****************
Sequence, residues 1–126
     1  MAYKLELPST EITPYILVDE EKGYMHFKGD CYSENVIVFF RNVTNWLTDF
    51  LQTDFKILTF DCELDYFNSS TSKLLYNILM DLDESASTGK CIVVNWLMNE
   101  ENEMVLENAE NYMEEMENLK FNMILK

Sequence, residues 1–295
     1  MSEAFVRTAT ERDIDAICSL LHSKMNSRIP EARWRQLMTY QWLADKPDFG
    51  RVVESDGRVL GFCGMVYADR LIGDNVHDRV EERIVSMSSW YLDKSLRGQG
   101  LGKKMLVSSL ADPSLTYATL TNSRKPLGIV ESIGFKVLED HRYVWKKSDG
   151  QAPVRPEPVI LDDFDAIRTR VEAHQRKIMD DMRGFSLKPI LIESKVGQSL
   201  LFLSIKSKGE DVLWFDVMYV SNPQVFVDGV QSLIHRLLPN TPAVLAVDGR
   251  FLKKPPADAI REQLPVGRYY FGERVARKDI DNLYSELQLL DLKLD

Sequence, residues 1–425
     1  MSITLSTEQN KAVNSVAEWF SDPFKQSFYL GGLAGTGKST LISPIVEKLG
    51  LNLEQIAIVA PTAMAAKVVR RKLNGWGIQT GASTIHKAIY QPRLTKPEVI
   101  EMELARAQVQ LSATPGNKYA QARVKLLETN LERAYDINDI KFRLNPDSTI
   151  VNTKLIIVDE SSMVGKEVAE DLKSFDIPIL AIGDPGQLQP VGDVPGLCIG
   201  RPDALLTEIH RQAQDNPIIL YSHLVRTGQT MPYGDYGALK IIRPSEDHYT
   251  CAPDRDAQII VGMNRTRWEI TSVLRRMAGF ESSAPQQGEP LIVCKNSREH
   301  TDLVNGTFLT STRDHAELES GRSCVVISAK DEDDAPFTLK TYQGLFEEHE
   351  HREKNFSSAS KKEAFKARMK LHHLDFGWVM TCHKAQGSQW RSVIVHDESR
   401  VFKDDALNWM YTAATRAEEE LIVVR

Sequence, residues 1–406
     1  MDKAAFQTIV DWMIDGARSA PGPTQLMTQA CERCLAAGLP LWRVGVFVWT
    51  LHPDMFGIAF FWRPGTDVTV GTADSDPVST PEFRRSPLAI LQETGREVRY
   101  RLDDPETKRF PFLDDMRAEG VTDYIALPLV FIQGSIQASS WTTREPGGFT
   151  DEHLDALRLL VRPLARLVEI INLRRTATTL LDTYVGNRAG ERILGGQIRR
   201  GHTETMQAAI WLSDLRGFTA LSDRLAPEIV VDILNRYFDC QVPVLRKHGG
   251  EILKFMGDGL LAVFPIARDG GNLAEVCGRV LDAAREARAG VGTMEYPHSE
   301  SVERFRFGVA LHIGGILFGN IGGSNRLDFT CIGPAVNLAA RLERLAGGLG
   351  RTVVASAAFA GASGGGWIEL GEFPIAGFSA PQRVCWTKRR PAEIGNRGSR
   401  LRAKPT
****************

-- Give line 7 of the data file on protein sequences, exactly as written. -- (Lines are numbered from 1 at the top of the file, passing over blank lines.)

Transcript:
    51  RVVESDGRVL GFCGMVYADR LIGDNVHDRV EERIVSMSSW YLDKSLRGQG